State v. Rogers

Annotate this Case

496 P.2d 169 (1972)

83 N.M. 676

STATE of New Mexico, Plaintiff-Appellee, v. Oscar ROGERS, also known as Joe Baker, Defendant-Appellant.

No. 818.

Court of Appeals of New Mexico.

April 7, 1972.

Harvey C. Markley, Lovington, for defendant-appellant.

David L. Norvell, Atty. Gen., Thomas Patrick Whelan, Jr., Asst. Atty. Gen. Santa Fe, for plaintiff-appellee.

OPINION

SUTIN, Judge.

Rogers was charged, convicted and sentenced for burglary contrary to § 40A-16-3, N.M.S.A. 1953 (Repl.Vol. 6, Supp. 1971). Rogers appeals.

We reverse.

Section 40A-16-3, supra, reads in part as follows:

Burglary consists of the unauthorized entry of any * * * structure, * * * with the intent to commit any felony or theft therein.

On April 8, 1971, at 8:30 p.m., Rogers drove into Jim's Conoco Station in Hobbs, New Mexico, walked into the office and asked for a crescent wrench to use to take off a battery. The attendant told him that tools were not lent unless a dollar was deposited. Rogers did not have a dollar. The attendant went out of the office to service a customer and returned to the office. Rogers viewed the attendant opening the cash register. While the attendant serviced another car, Rogers remained in the office. Suddenly, the attendant ran inside. The cash register was open, all of the paper money, about $30 or $35, was gone. The attendant asked Rogers to put the money back, and Rogers said "no."

The trial court instructed the jury that the material allegations of the charge of burglary were:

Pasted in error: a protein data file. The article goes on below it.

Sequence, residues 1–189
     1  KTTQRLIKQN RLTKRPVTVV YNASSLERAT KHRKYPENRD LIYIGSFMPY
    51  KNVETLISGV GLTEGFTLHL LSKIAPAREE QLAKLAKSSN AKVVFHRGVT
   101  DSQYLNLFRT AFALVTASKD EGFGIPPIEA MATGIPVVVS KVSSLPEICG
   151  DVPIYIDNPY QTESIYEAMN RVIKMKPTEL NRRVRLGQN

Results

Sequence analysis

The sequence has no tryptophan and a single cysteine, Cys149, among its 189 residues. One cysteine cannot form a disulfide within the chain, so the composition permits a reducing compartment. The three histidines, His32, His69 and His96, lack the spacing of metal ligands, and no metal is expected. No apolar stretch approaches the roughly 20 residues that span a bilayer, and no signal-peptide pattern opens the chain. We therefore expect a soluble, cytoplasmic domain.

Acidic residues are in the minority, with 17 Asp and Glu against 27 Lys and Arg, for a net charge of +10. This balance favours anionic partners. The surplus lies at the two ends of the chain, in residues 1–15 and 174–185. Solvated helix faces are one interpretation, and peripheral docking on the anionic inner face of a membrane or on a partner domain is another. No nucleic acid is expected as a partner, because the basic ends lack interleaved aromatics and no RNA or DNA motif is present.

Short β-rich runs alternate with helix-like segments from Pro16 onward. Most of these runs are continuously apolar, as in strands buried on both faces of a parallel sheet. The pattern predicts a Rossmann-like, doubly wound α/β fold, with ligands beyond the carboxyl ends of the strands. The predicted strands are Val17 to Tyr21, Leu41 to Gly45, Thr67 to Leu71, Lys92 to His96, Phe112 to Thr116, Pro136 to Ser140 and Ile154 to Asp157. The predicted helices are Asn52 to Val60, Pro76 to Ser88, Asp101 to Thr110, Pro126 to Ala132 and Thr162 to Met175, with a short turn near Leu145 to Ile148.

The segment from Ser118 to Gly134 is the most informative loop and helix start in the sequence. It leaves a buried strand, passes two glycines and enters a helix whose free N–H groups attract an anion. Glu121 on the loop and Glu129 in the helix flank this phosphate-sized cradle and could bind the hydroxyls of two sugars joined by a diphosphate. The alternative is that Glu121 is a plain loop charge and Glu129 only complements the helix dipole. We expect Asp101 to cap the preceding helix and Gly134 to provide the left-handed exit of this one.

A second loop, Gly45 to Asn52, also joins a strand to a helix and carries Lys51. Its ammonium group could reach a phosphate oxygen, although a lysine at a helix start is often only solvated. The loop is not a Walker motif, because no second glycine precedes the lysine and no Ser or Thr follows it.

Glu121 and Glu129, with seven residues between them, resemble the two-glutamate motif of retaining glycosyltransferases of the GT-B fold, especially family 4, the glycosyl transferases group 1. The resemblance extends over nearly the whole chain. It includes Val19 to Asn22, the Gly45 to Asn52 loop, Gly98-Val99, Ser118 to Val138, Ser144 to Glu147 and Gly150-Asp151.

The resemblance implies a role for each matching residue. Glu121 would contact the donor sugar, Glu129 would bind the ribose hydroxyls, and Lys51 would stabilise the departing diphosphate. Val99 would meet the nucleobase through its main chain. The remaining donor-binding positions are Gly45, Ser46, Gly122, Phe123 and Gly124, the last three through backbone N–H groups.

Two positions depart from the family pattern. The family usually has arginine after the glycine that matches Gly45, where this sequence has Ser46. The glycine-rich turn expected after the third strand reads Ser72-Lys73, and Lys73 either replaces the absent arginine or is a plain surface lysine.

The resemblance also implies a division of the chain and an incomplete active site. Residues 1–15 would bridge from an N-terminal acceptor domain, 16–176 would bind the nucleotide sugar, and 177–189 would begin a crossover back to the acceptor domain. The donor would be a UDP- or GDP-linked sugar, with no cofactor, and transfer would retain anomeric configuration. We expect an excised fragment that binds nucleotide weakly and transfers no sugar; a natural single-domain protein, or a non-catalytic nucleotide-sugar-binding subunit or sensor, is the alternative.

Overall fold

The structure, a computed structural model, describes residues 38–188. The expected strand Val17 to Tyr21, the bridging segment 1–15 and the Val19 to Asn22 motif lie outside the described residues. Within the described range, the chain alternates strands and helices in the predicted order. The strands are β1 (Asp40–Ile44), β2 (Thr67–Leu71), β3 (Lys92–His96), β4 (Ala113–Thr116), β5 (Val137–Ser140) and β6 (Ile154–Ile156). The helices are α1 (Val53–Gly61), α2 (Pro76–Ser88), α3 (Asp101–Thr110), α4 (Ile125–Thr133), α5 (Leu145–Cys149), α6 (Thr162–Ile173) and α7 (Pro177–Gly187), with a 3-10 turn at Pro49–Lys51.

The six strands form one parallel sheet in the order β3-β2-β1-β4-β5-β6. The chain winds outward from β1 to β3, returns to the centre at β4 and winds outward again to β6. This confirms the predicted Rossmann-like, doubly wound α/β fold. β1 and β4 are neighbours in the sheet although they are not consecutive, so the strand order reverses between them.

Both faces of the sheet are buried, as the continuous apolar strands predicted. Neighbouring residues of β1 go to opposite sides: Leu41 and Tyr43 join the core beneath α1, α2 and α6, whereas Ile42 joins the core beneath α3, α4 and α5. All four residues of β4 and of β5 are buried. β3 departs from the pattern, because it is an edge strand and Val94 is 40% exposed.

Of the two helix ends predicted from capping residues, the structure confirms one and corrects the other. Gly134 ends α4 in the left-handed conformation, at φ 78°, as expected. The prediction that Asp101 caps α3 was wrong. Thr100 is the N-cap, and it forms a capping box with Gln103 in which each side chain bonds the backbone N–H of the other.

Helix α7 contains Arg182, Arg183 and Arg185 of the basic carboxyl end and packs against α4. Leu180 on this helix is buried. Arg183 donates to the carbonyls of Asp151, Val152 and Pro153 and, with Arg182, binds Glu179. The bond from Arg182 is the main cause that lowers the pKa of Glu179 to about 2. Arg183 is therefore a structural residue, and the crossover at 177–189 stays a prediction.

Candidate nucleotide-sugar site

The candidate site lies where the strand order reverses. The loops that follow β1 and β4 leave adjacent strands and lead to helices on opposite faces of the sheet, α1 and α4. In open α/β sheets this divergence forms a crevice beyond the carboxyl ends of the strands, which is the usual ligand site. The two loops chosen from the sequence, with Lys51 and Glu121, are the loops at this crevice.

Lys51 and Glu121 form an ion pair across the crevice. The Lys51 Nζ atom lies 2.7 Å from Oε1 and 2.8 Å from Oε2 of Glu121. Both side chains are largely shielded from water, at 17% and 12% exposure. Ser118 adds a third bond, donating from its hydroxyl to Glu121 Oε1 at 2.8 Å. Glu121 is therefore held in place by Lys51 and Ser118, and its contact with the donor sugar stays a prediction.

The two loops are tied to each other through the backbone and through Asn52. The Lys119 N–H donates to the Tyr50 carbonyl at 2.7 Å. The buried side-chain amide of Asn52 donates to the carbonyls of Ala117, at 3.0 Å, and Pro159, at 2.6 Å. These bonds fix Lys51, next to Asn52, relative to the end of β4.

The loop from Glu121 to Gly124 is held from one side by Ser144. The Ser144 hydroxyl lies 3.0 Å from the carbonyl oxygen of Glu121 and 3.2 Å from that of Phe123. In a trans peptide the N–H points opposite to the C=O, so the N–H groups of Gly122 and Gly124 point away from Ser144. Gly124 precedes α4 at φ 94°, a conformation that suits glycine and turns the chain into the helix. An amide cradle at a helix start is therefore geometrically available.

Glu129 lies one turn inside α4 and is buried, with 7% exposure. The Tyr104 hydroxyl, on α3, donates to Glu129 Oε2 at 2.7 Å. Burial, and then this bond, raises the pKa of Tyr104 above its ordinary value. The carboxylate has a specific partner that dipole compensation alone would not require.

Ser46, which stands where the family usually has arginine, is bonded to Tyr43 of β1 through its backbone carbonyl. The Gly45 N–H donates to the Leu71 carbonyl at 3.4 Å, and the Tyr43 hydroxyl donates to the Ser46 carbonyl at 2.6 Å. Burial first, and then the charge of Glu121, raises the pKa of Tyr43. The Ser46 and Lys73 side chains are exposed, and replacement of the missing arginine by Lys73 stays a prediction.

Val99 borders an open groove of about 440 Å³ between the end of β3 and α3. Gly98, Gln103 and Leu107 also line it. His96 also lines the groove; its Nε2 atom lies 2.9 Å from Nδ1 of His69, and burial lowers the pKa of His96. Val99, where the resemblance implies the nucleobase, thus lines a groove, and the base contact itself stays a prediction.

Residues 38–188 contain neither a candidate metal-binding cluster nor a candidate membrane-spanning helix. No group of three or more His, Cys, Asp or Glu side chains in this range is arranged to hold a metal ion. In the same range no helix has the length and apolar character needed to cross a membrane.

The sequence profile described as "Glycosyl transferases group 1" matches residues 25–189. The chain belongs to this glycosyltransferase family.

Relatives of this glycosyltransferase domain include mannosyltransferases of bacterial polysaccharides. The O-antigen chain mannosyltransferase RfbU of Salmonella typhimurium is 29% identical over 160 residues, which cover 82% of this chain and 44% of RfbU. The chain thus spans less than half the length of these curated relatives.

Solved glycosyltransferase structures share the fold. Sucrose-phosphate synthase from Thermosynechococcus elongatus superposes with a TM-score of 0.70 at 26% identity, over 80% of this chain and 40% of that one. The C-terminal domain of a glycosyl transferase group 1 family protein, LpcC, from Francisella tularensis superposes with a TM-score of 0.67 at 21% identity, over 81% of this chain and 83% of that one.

1. That the defendant, without authority, did enter a structure, to-wit: Jim's Conoco Station, Hobbs, New Mexico. *170 2. That the defendant entered such structure with the intent to commit a theft therein. 3. That said act or acts were committed by the defendant knowingly, unlawfully and feloniously.

This instruction became the law of this case. State v. Rayos, 77 N.M. 204, 420 P.2d 314 (1967). It should be noted that three essential ingredients exist. We are concerned only with the first.

There was no evidence that Rogers entered the Conoco structure "without authority." This was a business which invited the public to enter so that permission or consent of the owner is implied. Rogers' entry was authorized. The criminal offense committed thereafter was not burglary. A person who enters a store open to the public with intent to shoplift [§ 40A-16-20, N.M.S.A. 1953 (Repl.Vol. 6, Supp. 1971)], or commit larceny [§ 40A-16-1], is not guilty of burglary. Intent at the time of a permissible entry is not the sole element of burglary under the statute. People v. Carstensen, 161 Colo. 249, 420 P.2d 820 (1966).

Our holding is limited to the charge of burglary and we do not decide whether the facts would sustain a conviction under another criminal charge.

The conviction, judgment and sentence are reversed, and the cause remanded with instructions to dismiss the charge against the defendant for which he was convicted.

It is so ordered.

COWAN, and HERNANDEZ, JJ., concur.